Today’s batch of photos comes from our regular contributor Mark Sturtevant. His narrative and IDs are indented, and you can enlarge the photos by clicking on them.
These are pictures of spiders and insects that were taken a couple summers ago near where I live (in Michigan).
To begin, here is a dead Syrphid fly. Can you spot the reason for its demise? I will just say that Misumenoides sp. is the reason.
Next up are some local tiger beetles. These interesting predatory beetles can be a bit of a challenge to photograph, although patience and some luck can bring results. What helps is they soon forget what disturbed them, so if one lies in wait they can wander back and even crawl on you. The first is a twelve-spotted tiger beetle (Cicindela duodecimguttata), a new species for me.
Next is our spectacular festive tiger beetle (Cicindella scutellaris). I think these may be our easiest tiger beetle to photograph. This is a focus stacked picture.
And finally, here is a big sand tiger beetle (Cicindela formosa). I can’t identify its prey.
There is an interesting new park that I visit, with no fewer than three species of carnivorous plants (more on those later). An isolated sandy beach in the park is quite a hot spot for tiger beetles as well as for burrowing wasps that paralyze various prey to feed their next generation. One of the largest of these wasps is the thread-waisted wasp (Ammophila procera), and here is one with a caterpillar. I think the caterpillar is a walnut caterpillar, Datana integerrima). The wasp had managed to get her prey completely stuck between some rocks, so I freed it for her. She snatched it up out of my hand, and then I took this picture.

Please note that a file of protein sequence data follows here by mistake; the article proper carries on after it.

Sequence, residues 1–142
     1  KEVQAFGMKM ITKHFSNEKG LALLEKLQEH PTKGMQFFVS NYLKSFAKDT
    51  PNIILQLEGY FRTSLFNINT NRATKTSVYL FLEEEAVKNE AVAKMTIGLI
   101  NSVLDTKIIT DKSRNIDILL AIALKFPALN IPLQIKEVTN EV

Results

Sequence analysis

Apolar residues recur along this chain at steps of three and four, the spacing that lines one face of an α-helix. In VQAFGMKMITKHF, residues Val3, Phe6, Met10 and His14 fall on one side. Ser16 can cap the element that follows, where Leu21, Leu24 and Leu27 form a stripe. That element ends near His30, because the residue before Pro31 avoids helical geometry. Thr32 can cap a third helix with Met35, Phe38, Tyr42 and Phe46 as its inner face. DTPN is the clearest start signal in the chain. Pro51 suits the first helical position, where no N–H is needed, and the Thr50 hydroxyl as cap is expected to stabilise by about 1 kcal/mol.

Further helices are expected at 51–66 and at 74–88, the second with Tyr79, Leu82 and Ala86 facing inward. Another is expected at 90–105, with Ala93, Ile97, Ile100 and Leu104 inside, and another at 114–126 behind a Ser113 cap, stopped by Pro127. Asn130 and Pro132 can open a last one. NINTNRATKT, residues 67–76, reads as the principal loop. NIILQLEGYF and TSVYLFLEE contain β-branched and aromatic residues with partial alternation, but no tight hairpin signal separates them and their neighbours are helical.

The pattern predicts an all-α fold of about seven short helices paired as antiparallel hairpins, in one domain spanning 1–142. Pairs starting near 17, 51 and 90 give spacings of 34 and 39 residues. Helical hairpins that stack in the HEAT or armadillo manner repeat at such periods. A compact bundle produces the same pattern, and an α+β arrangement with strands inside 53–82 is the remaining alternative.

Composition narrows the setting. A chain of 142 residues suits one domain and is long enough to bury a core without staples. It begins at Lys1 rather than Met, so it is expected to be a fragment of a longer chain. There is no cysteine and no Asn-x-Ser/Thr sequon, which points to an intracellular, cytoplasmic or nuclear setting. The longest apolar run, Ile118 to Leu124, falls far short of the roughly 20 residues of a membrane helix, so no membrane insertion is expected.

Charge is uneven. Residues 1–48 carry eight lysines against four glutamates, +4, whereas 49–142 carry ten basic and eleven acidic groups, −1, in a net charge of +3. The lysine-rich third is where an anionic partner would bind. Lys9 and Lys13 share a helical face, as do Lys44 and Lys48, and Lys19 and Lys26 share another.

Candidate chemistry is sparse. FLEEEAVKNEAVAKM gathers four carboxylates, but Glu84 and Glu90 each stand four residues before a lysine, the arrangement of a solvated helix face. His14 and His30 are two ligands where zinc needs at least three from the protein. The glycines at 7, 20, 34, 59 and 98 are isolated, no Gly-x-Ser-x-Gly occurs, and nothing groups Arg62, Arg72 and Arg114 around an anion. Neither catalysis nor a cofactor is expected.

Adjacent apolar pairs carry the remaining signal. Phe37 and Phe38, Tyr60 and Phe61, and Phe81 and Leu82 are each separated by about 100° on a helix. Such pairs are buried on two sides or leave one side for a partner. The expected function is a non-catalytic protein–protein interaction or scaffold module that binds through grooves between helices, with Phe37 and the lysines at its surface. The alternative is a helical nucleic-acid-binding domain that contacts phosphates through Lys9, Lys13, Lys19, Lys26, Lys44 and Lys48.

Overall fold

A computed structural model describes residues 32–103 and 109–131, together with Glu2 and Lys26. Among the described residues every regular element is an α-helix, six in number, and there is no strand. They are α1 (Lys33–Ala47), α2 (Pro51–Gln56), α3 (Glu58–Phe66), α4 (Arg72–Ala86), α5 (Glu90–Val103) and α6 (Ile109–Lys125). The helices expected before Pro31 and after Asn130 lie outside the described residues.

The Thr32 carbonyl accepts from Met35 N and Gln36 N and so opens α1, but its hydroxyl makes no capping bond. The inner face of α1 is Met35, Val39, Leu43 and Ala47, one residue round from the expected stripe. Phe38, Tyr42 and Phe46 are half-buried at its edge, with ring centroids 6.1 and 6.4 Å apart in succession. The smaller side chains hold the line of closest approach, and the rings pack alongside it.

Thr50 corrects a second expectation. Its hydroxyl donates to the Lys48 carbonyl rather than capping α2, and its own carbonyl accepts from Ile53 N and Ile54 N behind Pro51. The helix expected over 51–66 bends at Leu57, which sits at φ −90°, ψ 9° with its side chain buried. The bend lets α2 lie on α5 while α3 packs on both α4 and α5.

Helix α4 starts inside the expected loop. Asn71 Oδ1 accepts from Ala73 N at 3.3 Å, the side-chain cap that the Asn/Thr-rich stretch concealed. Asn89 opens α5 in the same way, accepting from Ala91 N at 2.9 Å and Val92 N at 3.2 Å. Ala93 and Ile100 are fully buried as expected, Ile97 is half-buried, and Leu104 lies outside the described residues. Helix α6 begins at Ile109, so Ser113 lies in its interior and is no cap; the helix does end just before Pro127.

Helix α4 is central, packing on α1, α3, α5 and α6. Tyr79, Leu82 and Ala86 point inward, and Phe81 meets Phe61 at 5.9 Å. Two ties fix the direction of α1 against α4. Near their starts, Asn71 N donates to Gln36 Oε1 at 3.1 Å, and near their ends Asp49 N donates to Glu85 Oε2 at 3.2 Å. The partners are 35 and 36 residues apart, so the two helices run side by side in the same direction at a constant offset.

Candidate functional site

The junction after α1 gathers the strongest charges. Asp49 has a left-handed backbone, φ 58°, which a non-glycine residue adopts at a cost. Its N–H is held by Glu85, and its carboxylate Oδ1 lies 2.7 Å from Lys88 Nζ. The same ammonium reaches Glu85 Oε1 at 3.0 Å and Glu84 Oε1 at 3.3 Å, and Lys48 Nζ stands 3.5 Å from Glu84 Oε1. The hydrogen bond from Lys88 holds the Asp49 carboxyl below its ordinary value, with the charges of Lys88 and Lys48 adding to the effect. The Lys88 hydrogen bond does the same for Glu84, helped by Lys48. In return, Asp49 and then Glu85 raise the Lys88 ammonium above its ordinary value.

Her burrow was nearby. As is typical of their kind, its entrance was filled in to conceal it. She put down the caterpillar at the entrance (they somehow know where it is), unplugged the burrow, and then hauled the caterpillar inside. The next sequence of pictures were taken in great haste, but it helped that the fuzzy caterpillar was a snug fit.
After a time, the wasp re-appeared and industriously covered up her burrow entrance. She then flew off to look for more caterpillars, since there will be several chambers, each with young, to provision in this one burrow.
Finally, I had spent some time getting to really know the funnel web spiders in the yard. Spiders from different families around the world have this name, since the characteristic sheet-like web with a tunnel retreat has been invented more than once. Our funnel web spiders are from the family Agelenidae, where all species build these kinds of webs. The one shown here is Agelenopsis sp. She had built her web at the top of a large weed, so it was a simple matter to take off the top and set it in a bowl on the dining room table for a focus stacking session. If she was spooked, she would just duck into her retreat rather than run off somewhere. It was a nice arrangement.
At night, funnel web spiders are easy to find because their eyes produce a reflective eye shine from flashlights. So the last two pictures are of the same spider, taken in the dark except for with this kind of illumination. It took some fiddling to get eye shine to appear while up close, although the effect is super obvious from a distance.
Although the spider was a total sweetheart to work with, I am here reminded of Shelob, the giant spider in Lord of the Rings: “There age-long she had dwelt, an evil thing in spider form…”
Mark also sent a photo of a “blonde mallard”, which is leucistic (the result of a mutation) and clearly a female. (One site says that in mallards the phenomenon is nearly always seen in hens rather than drakes, though I don’t know why.)